LGBQ teens at higher risk of substance abuse: Study

Data showed LGBQ teens were more likely to have ever used 14 of the 15 substances studied, including alcohol, cigarettes, cigars, cocaine, ecstasy, electronic vapor etc.

Published: 14th July 2018 02:36 PM  |   Last Updated: 14th July 2018 02:36 PM   |  A+A-

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Image used for representational purpose

By ANI

WASHINGTON: Turns out, lesbian, gay, bisexual or questioning (LGBQ) teens are at substantially higher risk of substance use than their heterosexual peers.

According to a new study led by San Diego State University researchers, LGBQ teens are more likely to use dangerous drugs.

As part of the most recent National Youth Risk Behavior Survey, 15,624 high school students were asked about their use of 15 substances, including alcohol, drugs, and tobacco.

The survey also included questions about sexual identity, including whether teens identify as lesbian, gay, bisexual, or questioning.

The data showed LGBQ teens were more likely to have ever used 14 of the 15 substances studied, including alcohol, cigarettes, cigars, cocaine, ecstasy, electronic vapor ("vaping"), hallucinogens, heroin, inhalants, marijuana, methamphetamine, prescription drugs (without physician direction), steroids, and synthetic marijuana.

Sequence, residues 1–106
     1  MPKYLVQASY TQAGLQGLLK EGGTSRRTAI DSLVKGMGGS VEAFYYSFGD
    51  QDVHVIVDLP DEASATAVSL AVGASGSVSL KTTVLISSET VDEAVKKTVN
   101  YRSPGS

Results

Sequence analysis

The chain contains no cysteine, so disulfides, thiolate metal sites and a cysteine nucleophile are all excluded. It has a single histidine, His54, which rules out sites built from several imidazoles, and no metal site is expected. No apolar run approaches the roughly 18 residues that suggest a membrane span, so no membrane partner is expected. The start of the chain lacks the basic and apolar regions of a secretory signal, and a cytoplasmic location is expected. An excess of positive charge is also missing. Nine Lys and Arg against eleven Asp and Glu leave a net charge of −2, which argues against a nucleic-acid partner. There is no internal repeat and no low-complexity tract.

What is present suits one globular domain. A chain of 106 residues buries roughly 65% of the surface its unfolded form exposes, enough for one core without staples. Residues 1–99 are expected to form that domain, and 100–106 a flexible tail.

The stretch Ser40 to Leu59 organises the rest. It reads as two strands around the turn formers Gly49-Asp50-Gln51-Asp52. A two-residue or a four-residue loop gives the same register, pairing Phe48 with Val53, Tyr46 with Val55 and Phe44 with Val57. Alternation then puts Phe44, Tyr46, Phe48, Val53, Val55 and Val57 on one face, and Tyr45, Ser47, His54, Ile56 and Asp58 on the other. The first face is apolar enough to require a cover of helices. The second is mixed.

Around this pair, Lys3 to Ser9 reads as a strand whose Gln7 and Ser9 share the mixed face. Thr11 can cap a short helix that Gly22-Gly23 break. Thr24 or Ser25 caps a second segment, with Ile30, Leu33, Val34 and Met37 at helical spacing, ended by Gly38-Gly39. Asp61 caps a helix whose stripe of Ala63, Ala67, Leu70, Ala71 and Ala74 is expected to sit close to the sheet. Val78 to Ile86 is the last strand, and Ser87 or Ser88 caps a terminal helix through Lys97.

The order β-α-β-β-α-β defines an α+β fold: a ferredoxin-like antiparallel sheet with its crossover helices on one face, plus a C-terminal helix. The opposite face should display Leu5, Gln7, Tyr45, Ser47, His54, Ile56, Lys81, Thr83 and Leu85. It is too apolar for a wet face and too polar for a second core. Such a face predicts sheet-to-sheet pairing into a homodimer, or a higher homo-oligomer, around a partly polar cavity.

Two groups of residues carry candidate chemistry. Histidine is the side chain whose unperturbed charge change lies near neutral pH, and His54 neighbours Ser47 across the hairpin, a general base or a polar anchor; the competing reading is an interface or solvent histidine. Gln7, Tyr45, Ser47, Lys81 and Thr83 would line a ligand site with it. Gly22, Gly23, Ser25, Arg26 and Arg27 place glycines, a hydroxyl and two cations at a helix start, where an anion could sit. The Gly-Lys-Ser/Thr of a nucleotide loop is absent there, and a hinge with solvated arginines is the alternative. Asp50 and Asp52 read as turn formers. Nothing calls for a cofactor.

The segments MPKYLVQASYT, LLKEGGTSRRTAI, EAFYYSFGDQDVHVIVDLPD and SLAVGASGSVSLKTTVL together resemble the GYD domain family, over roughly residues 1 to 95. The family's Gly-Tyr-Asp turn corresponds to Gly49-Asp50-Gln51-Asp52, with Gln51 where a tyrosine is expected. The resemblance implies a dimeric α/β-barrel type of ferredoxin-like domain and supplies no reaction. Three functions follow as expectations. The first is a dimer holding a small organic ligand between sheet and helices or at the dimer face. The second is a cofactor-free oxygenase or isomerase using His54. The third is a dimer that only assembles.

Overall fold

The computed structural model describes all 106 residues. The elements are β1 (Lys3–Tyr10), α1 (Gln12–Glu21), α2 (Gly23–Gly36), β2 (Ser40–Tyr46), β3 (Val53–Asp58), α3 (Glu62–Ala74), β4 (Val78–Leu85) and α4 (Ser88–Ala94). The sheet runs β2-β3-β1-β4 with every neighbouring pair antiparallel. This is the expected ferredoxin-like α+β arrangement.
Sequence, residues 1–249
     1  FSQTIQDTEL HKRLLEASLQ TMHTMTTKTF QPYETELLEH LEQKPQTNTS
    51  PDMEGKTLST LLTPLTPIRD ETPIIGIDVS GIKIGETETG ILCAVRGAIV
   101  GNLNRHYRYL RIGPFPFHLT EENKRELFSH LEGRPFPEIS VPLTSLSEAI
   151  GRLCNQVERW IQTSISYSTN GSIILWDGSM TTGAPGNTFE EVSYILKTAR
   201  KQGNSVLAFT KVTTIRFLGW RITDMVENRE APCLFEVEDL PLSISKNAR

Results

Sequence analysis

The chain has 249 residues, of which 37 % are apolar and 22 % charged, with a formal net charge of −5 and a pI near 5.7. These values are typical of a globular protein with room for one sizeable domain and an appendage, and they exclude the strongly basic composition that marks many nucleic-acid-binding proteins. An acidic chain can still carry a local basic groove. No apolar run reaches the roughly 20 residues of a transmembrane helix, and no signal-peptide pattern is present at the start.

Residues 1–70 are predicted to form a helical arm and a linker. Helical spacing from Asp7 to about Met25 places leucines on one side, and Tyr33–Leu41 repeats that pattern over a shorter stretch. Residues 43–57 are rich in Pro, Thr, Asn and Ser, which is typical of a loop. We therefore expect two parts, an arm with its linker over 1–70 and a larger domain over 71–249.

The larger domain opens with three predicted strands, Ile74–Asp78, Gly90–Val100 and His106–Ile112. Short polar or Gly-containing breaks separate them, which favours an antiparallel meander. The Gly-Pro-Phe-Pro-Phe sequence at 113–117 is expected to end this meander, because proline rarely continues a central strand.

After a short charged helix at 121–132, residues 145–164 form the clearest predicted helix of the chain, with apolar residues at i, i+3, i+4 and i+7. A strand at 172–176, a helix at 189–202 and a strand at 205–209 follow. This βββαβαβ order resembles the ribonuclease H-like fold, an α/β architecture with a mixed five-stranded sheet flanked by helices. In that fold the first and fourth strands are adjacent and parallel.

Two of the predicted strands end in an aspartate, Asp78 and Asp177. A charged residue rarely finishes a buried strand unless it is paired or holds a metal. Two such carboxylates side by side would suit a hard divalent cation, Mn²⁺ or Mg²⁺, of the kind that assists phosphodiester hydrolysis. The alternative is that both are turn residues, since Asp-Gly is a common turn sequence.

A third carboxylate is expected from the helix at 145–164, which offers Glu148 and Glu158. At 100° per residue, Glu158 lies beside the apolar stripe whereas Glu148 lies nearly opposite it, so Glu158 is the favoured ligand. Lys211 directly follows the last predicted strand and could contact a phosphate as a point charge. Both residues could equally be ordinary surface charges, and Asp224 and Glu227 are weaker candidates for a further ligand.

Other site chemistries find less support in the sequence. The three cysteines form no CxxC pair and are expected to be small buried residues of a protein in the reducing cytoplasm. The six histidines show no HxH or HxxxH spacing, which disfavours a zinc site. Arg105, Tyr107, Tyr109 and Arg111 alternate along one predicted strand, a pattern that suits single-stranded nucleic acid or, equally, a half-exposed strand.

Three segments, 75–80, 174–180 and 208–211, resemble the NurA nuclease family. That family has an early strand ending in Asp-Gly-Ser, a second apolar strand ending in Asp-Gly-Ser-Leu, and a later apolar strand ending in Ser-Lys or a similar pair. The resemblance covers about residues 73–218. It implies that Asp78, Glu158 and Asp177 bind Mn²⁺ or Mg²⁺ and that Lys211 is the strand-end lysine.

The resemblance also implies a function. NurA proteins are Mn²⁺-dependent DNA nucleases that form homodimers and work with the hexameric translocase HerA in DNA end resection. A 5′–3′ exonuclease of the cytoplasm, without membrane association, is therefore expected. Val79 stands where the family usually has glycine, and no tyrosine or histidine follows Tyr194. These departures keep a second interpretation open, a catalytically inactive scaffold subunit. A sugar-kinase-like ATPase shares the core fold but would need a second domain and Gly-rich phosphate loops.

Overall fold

LGBQ teens were also at greater risk for having used harder drugs.

The survey included questions gauging potential ongoing use for some substances by asking about their use during the past 30 days. Compared to their heterosexual peers, LGBQ teens faced an elevated risk for going use of alcohol, cigarettes, cigars, vaping, and marijuana.

Study coauthor John W. Ayers said, "There have been some indications that LGBQ teens face increased substance use risks, but our study shows for the first time that the problem goes far beyond alcohol and tobacco, including the hardest most dangerous drugs."

The team noted these new data should not be used to judge LGBQ teens.

An LGBTQ health researcher at the University of California, coauthor Laramie Smith said, " Our findings highlight the need for accepting LGBQ teens, as stigma may be playing a role in elevating their substance use risk or prevent those from needing help to speak up."

The team also encouraged parents, teachers, caretakers, and advocates to be vigilant.

The full findings are published in the journal- American Journal of Public Health.

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